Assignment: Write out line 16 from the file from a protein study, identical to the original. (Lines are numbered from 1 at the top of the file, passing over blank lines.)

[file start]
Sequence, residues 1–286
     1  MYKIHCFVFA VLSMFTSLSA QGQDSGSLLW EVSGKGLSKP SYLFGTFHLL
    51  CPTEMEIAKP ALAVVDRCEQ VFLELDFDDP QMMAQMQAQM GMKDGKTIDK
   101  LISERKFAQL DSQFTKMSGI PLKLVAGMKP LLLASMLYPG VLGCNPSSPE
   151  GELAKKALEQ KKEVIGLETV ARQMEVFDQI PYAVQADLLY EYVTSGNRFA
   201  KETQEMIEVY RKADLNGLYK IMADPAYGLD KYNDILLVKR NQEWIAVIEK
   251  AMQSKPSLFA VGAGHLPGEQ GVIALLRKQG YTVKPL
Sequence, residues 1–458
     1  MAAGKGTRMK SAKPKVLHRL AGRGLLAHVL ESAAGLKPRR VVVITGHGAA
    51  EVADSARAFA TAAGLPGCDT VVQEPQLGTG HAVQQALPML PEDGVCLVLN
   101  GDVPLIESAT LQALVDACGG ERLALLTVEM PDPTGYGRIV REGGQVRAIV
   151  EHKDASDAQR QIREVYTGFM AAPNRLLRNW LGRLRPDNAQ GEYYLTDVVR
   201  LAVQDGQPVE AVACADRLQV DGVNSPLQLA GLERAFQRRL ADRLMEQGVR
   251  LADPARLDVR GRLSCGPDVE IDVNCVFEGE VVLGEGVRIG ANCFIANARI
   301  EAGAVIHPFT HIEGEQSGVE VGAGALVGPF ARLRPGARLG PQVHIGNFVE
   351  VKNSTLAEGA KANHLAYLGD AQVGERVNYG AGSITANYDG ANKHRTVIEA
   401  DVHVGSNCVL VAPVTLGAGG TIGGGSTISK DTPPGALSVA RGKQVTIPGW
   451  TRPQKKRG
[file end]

   351  VKNSTLAEGA KANHLAYLGD AQVGERVNYG AGSITANYDG ANKHRTVIEA